STATE OF OPPORTUNITY. Can Kids in Michigan Get Ahead?
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This special reporting project wrapped up in May 2017. Read more.

Students find the words to say the things they think they cannot say

courtesy of The Diatribe
Students gather for a poetry slam organized by The Diatribe

"Can you read right now at least please?"

Fable is harassing one of his students.

"Can you at least read in front of us?" he asks.

The student, Jocelyn, already said she doesn’t want to read her poem. She hardly ever speaks at all in this class.

But Fable, whose given name is Marcel Price, will not let up.

"I won't ask you for anything ever again," he says earnestly.

Fable is one of the teachers of this class, one out of four members of a poetry collective known as The Diatribe. The other poets are Rachel Gleason, G Foster II and Shawn Moore. They all pile on Jocelyn, the only student here today who hasn’t yet read a poem out loud.

The four poets plead, each in turn.





It's a Monday afternoon. These four poets have been coming to this classroom, inside an alternative high school at Kelloggsville Public Schools in Wyoming for most of this year.

The class they teach isn’t for credit, and students aren’t there to learn the elements of poetry. They are not assigned sonnets, and they are not expected to learn iambic pentameter. This class is about something totally different.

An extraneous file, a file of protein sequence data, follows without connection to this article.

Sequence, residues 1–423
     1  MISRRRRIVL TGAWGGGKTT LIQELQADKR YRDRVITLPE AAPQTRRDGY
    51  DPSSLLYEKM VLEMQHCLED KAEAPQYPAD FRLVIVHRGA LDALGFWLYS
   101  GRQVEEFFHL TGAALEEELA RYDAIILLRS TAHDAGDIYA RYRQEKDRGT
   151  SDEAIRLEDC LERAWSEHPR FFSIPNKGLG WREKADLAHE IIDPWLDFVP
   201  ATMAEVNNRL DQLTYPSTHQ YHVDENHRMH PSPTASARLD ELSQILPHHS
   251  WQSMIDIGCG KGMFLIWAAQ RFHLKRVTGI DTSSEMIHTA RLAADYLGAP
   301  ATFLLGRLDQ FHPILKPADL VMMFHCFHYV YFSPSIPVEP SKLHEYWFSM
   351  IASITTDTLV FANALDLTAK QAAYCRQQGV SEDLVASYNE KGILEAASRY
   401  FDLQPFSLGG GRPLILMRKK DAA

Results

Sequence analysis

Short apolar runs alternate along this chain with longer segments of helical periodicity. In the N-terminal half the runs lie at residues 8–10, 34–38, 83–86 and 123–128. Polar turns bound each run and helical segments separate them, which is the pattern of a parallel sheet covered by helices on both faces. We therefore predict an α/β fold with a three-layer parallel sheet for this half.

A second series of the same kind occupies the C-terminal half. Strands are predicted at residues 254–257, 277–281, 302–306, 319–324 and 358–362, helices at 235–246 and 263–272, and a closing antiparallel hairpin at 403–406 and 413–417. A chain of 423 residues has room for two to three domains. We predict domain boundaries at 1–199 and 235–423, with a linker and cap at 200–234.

I'm about to see what that really means.

After all the begging and pleading, Jocelyn finally digs a folded piece of white notebook paper out of her back pack. She has long dark hair, dyed blue at the ends, and she’s wearing a black Teenage Mutant Ninja Turtles t-shirt.

Everyone else in the room turns their heads. They promised not to look as she reads her poem.

"Do I really have to?" she asks. "All right." 

She takes a deep breath. 

She begins. 

Then she gets to the part about the razor blades. 

"I know what it's like to cut so deep, until ..." 

She stops. 

"... until you can't feel anymore." 

She stops again.

"You got it," says someone from across the room.

Jocelyn collects herself. The paper trembles in her hand as she continues. 

When she finishes, every single person in the room is blown away.

They clap. 

"Thank you so much. Thank you so much," Fable says. "I'm so proud of you." 

"She let us have it with that poem, man."

Jocelyn is crying now, and she leaves the room to collect herself.

Shawn Moore and G Foster are trying to collect themselves too.

"That’s what it’s about right there," Moore says. "I’ve never heard her talk that much in one sitting. Ever."

"I don’t think I’ve heard 12 words from her," Foster says. "And we’ve been here 15 weeks."

"She let us have it with that poem, man," Moore says.

These poets are not traditional teachers, not even close. This class started a few years ago. It was originally supposed to be just one visit – a kind of career day with local poets. They were such a hit with students, it turned into a weekly thing.